Breeder Reactors

Some articles on breeder reactors, reactor, reactors, breeder, breeder reactor, breeders:

Integral Fast Reactor - Advantages
... Breeder reactors (such as the IFR) could in principle extract almost all of the energy contained in uranium or thorium, decreasing fuel requirements by ... Breeder reactors can “burn” long lasting nuclear waste components (actinides reactor-grade plutonium and minor actinides), turning liability into an asset ... The fact that 4th generation reactors are being designed to use the waste from 3rd generation plants could change the nuclear story fundamentally—potentially ...
Nuclear Power - Life Cycle - Conventional Fuel Resources - Breeding
... As opposed to current light water reactors which use uranium-235 (0.7% of all natural uranium), fast breeder reactors use uranium-238 (99.3% of all natural uranium) ... Breeder technology has been used in several reactors, but the high cost of reprocessing fuel safely requires uranium prices of more than 200 USD/kg before becoming justified economically ... As of December 2005, the only breeder reactor producing power is BN-600 in Beloyarsk, Russia ...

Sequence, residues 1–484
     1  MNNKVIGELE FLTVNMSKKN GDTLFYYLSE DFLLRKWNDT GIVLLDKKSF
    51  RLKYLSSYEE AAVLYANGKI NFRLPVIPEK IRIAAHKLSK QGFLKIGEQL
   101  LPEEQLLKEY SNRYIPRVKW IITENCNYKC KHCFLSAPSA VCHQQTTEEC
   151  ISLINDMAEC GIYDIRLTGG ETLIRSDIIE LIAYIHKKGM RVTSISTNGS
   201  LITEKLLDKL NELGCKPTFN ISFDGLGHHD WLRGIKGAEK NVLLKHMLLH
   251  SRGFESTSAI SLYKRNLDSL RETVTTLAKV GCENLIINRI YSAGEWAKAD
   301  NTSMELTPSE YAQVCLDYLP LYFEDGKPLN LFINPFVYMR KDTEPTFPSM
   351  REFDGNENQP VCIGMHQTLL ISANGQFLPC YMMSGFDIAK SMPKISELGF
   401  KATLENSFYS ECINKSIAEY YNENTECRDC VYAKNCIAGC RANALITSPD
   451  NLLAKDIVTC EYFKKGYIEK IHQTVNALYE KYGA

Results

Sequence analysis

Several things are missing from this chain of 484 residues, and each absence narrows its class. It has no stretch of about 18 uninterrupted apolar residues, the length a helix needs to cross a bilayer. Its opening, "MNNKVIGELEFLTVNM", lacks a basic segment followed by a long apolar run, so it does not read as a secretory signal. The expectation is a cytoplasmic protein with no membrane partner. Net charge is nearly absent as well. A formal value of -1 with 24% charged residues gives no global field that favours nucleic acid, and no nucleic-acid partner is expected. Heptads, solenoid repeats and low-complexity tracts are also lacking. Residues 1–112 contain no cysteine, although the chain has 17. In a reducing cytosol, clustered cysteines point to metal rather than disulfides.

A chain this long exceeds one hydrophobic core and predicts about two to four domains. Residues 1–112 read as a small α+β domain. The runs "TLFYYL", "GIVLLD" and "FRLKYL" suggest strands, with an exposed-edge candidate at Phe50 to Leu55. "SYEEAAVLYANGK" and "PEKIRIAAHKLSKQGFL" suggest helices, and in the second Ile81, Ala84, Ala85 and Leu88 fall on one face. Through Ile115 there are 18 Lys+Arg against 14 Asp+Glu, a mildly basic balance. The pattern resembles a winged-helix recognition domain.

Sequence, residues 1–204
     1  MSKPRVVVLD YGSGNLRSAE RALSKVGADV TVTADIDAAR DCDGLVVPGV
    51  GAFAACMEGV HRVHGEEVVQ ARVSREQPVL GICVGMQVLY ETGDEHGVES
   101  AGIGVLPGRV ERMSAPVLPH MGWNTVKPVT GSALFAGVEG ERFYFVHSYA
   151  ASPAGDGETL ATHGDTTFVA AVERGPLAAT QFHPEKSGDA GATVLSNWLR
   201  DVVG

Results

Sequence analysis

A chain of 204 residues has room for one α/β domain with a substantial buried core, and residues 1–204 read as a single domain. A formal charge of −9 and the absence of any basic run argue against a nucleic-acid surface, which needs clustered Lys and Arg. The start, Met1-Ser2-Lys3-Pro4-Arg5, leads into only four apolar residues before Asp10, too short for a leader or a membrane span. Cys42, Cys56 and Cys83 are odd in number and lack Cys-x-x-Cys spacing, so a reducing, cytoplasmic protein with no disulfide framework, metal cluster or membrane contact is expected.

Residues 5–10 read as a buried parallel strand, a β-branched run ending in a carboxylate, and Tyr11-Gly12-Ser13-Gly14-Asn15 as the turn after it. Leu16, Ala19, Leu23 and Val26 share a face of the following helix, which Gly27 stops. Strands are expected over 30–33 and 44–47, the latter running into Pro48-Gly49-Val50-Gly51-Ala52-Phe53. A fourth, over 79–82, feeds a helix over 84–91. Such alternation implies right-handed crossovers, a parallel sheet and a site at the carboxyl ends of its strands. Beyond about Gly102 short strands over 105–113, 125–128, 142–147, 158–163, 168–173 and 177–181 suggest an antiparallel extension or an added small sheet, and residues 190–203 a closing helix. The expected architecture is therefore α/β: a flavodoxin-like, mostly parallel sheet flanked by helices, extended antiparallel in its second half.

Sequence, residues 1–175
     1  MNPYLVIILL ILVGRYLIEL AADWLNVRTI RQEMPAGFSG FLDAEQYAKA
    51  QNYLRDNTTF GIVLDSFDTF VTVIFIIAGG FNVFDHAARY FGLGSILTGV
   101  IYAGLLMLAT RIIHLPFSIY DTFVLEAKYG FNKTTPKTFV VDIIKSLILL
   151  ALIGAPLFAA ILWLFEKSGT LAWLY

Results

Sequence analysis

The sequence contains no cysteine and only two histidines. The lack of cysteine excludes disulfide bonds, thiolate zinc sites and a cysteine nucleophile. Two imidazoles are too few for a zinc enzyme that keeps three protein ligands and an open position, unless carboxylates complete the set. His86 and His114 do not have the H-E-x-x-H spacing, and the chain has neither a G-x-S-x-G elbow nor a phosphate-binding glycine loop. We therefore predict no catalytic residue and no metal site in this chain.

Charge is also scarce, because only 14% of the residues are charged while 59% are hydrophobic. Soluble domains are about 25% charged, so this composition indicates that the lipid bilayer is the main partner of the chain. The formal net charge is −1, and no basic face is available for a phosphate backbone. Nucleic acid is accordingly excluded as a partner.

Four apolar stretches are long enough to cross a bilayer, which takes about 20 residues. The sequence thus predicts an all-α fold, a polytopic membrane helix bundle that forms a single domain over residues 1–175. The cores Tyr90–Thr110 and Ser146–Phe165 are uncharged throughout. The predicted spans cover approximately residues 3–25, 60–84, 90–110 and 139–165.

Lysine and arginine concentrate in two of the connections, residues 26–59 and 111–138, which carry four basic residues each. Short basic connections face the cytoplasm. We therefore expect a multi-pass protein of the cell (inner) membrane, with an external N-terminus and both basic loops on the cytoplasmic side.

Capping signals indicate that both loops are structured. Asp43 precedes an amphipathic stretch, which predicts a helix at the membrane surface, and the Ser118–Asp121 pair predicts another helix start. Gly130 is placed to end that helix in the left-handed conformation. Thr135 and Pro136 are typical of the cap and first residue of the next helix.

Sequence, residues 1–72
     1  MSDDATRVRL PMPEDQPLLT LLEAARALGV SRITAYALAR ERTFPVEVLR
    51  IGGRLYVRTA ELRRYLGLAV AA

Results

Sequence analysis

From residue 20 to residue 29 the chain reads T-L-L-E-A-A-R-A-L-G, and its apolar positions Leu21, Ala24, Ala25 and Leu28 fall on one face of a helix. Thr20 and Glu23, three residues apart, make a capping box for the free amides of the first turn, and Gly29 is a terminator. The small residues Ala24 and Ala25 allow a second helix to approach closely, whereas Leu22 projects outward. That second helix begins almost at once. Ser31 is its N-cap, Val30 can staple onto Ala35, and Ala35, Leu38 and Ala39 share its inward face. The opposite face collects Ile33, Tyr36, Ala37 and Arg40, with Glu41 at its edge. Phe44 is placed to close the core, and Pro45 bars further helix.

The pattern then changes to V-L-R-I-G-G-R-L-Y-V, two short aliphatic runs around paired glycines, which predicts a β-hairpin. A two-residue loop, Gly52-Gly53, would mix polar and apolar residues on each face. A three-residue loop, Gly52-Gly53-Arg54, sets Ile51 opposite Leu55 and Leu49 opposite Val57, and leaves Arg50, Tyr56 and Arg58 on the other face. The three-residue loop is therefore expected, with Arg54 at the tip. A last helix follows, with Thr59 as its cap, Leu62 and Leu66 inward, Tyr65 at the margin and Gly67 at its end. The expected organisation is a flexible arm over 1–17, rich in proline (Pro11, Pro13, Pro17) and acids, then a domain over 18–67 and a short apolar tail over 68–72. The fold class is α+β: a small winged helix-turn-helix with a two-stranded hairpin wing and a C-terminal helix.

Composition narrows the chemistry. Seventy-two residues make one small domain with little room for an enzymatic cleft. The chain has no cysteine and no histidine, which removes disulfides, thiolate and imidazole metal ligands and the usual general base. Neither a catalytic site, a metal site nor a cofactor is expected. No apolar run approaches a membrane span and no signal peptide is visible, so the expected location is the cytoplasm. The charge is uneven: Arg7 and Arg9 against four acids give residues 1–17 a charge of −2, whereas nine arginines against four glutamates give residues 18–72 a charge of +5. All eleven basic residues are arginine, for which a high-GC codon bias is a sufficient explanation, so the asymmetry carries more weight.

Energy Sources - Nuclear - Fission
... use nuclear fission to generate energy by the reaction of uranium-235 inside a nuclear reactor ... The reactor uses uranium rods, the atoms of which are split in the process of fission, releasing a large amount of energy ... efficiency increase which would come from utilizing uranium-238 through breeder reactors ...
World Peak Uranium - Optimistic Predictions
... next few centuries of the "foreseeable future."" Hubbert's study assumed that breeder reactors would replace light water reactors and that uranium would be bred ... With breeders, this is extended to 8,500 years ... He claims that fast breeder reactors, fueled by naturally replenished uranium extracted from seawater, could supply energy at least as long as the sun's expected remaining lifespan of five billion years ...

Famous quotes containing the word breeder:

    Get thee to a nunnery. Why wouldst thou be a breeder of sinners?
    William Shakespeare (1564–1616)